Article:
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Tour of Oman Preview

After Dubai and Qatar now for Oman where the sky is is scraped by jagged mountains instead of tall towers. It’s very different terrain and with it, a very different race and even landscape you’d like to ride through.

As well as the geography this race has got the cosmology with a galaxy of stars. Chris Froome, Joaquim Rodriguez and Vincenzo Nibali and many more are in action. Here’s a stage-by-stage preview for the week along with a look at the contenders, TV schedule and more.

Stage 1 (Tuesday): an opening stage for the sprinters, the early climb to Al Rustaq is a gradual affair before the race drops back down to the coast for a wide finish in the park of Naseem Garden.

Stage 2 (Wednesday): another chance for the sprinters and even the late hills in the profile above are modest as the race takes a coastal highway complete with modern toll gate before the arrival in the fishing village of Quriyat.

Stage 3 (Thursday): a popular stage for the riders, this starts and finishes near their hotel. The climb of Al Hamriya is a warm up for the very tough climb of Al Jissah, a long straight ramp that goes on for much longer than it looks. The descent off the other side is fast and hampers any chase. Peter Sagan took off for a solo win here last year.

Stage 4 (Friday): the stage is dominated by the four ascents of Bousher Alamrat where the race climbs up one side and descends the other, turns around and climbs back up to descend and then repeats this again. It’s hard and even Froome got caught out last year saying “it was a lot more brutal than it looked on paper“. The stage saw a lively battle last year between Froome, Alberto Contador and Joaquim Rodriguez with the Briton showing plenty of aggression to win the stage.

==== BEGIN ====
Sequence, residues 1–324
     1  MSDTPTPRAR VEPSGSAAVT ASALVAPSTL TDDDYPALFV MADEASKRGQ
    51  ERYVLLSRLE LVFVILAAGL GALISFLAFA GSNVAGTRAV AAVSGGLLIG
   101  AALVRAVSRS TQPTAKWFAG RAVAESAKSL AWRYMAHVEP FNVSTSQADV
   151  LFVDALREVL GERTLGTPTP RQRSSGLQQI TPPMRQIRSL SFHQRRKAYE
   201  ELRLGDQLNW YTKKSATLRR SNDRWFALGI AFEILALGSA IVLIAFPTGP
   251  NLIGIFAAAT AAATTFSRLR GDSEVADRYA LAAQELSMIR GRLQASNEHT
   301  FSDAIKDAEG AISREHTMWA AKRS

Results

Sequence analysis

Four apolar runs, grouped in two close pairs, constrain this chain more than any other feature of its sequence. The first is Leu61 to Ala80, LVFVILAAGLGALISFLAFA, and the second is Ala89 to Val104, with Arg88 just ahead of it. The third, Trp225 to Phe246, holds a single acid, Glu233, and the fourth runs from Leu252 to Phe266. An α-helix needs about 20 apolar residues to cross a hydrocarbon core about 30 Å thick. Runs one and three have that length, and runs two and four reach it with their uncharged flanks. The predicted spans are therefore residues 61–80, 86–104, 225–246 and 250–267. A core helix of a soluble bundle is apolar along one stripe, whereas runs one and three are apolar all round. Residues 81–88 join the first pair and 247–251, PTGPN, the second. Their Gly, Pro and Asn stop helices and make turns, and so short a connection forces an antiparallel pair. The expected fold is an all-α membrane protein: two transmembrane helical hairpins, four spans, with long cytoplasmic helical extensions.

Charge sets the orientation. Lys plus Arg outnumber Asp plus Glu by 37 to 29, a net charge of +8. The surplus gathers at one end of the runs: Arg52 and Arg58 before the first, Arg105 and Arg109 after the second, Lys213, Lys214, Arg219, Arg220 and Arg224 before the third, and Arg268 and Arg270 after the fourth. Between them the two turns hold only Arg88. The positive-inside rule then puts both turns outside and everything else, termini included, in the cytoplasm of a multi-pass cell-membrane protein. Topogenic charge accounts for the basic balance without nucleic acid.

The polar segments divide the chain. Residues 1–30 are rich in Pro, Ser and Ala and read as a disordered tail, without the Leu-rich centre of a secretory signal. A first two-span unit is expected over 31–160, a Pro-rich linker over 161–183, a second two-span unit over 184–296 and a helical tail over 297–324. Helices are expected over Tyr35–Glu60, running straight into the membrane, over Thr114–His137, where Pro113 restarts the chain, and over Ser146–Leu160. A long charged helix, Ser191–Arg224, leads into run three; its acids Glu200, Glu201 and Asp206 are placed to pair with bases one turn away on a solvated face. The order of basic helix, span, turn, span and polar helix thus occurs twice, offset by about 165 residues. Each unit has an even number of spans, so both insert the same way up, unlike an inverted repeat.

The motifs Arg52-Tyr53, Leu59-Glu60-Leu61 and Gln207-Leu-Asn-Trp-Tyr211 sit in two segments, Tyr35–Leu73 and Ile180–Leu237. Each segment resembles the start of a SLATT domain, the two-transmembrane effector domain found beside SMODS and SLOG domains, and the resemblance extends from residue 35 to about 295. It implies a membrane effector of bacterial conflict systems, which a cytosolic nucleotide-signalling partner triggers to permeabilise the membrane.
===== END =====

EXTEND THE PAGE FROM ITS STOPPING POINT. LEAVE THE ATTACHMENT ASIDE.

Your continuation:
Jebel Al AkhdarStage 5 (Saturday): the Queen Stage with the now traditional summit finish on the Jebel Al Akhdar, the “green mountain.” It’s all about the final climb as an early break is likely to be crushed by the chasing teams who speed to the final climb to set up their leaders. The climb is 5km at 10% but has two kilometres at 13% and there’s no where to hide, it’s each man for himself on the slopes.

Jebel Al Akhdar profile

Stage 6: the final stage is often a procession on the sea front but it still includes the two climbs of Al Jissah and Bousher Alamrat. A sprint finish is likely after three laps of the corniche.

Route summary: there’s three stages for the sprinters, one or two for the puncheurs and the big mountain stage. But don’t look just to Saturday’s Queen Stage, the repeated climbs of Bousher Alamrat on Friday will be crucial to the race.

Time bonuses apply with three, two and one seconds at intermediate sprints and ten, six and four seconds for the first three at the finish line.

Contenders: any forecast is clouded by reputation ahead of form. 2013 winner Chris Froome starts his 2014 season and if a repeat Tour de France victory is the ultimate goal, the path might be different. Last year he needed to convince his Sky team mates he was a leader and went all out to beat Alberto Contador and Joaquim Rodriguez. Now he doesn’t need to prove himself nor win experience in leading a race so he might ease himself into the season. There’s a strong team with the punchy Sergio Henao supported by Dario Cataldo and new member Mikel Nieve.

Joaquim Rodriguez seems to have evolved over the years, once a very fast finisher he’s lost a bit of the fizz for a diesel durability on longer climbs and this could mean he’s struggling for the time bonuses. But the changes are subtle and “Purito” could well smoke out the others. He’s got loyal sidekick Dani Moreno who is almost as good.

Vincenzo Nibali is racing but there are arguments to say he won’t be a contender. He’s recovering from a rib injury from the Tour de San Luis and wife Rachele is about to give birth so he may well be distracted, if not absent. Max Iglinskiy and Lieuwe Westra offer back-up.